What the Heck?
PBS to bring antique show to isle Convention Center
How Much Is That Old Calabash Worth?
After years of asking, the "Antique Road Show" is finally coming to Hawaii. The No. 1 PBS show nationwide will tape three episodes at the Hawaii Convention Center on Aug. 26. Hawaii residents can find out if that family treasure in the closet is worth thousands of dollars, or nothing. "Road Show" fans can thank PBS Hawaii, HVCB, Matson and the Convention Center, who worked hard to make it happen.
Dinner with Andre: That classic 1981 film "My Dinner with Andre" stars Andre Gregory. Actor and director Andre and his wife, filmmaker Cindy Kleine, spent the holidays on Maui, where they were married seven years earlier.
Joining them for a New Year's Eve dinner at Olinda Country Cottages were W.S. Merwin and wife Paula, Maui artists Tom and Michelle Sewell, and Honolulu photographer and author David Ulrich, who flew over for the occasion.
Andre, no fan of the Bush administration, ordered a cake that said, "Happy New Year. Impeach Bush." The young girl behind the counter of the Upcountry bakery blinked once. "Can you spell that?" she said.
Damn Resolutions: A woman I know who runs Diamond Head every morning has decided to take January off. "All those damn New Year's resolutions," she says. "It's shoulder to shoulder out there this month. I hope most of New Year's runners will give up soon."
Kailua psychiatrist Mark Stitham says, yes, everyone breaks their New Year's resolutions. "Ninety-five percent of exercise machines are clothes racks by March." Still, he insists it's psychologically important to make resolutions, to give yourself something to shoot for. But be realistic. For the last five years, Stitham says, his resolution has been to lose 20 pounds. This year, he's settling for five.
The Sweet Taste of Success: Grammy season is in full swing, even for bartenders. At an Outrigger Waikiki reception for the Hawaii Grammy nominees, bartenders competed to create the best "Grammy-inspired" drink.
Duke's Waikiki bartender Amie Fujiwara won the grand prize, a trip to Los Angeles to serve the drink she created at an official Grammy reception.
Fujiwara's drink, "Pau Pilikia," was inspired by a Ledward Kaapana tune. It included a banana, soft ice cream, chocolate syrup and several sweet liqueurs. Asked if he'd ever consume such a concoction, Ledward Kaapana just laughed and shook his head. "There'd have to be something plenty strong in there to get Led to drink it," said fellow nominee Sonny Lim.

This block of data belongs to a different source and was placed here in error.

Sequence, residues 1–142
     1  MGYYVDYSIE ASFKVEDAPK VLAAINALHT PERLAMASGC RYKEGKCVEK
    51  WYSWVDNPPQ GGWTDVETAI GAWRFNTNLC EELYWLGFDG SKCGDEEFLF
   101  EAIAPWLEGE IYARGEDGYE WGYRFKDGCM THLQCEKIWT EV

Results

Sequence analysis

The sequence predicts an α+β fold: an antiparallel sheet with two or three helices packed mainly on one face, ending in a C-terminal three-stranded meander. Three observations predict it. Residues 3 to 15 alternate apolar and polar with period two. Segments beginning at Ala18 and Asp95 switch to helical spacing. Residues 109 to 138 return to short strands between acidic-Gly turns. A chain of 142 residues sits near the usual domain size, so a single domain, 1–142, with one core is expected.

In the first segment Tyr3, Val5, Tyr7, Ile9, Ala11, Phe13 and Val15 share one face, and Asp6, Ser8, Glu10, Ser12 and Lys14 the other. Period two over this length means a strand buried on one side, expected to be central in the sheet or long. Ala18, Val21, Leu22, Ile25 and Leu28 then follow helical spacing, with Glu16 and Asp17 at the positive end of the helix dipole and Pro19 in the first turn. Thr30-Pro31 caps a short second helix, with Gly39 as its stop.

By the end, Lim and Kaapana had turned the reception into a backyard jam, with a pickup band that also included guests Brother Noland, Mike Kaawa and Haumea Warrington. Challenged by emcee Kimo Kahoano to come up with one great final tune, Ledward and the band romped through an up-tempo number that had people cheering. "But what is that song?" asked one puzzled audience member. A decidedly un-Hawaiian "Sweet Georgia Brown," made famous by Louis Armstrong.
Malos and Kimonos: He's not up for a Grammy this year, but look for an announcement soon that Kealii Reichel has been approached by the Tokyo Philharmonic to sing with them in Japan this spring, the first Hawaii musician to be so honored.
Art From Ashes: Artist Vince Hazen, now on exhibit at Arts at Marks Garage, creates works out of slug tracks, mildew, even fruit flies. It's remarkably skillful stuff, though the portraits Hazen creates of the dear departed may raise a few eyebrows. He fashions them out of the cremains. Commissions accepted, in case you want to do something for great-grandma.
Raising the Bar: When was the last time anyone threw a fundraiser for a bar? Hale Noa is a kava bar. It was the first in the nation when it opened on Kapahulu six years ago. The candle-lit retreat has hit a financial wall and was set to close at the end of this month. Says proprietor Keoni Verity, "We were operating pretty much as a nonprofit anyway, since our first mission was to perpetuate the culture."
Verity has strict rules, no food, no alcohol, no loud talking. Nonetheless, he's slowly built a following. Still he says, "Going broke might have been the most successful thing we've ever done."
Customers and supporters, including slam poet Kealoha, musicians Barry Flanagan and Ernie Cruz Jr., refused to let Hale Noa die. They're putting on a fundraiser at Bishop Museum, complete with food, a silent auction and concert, next Sunday .
Thursday night, over a few bowls of kava (doesn't taste as bad as everyone says), I remarked to Verity that Hale Noa was packed with patrons. "Word is out," he said. "It's use it or lose it."
John Heckathorn's radio show, Heckathorn's Hot Plate, simulcasts weekday evenings from 6 to 7 p.m. on SportsRadio1420 and sister station 1080 AM. Reach him at firstname.lastname@example.org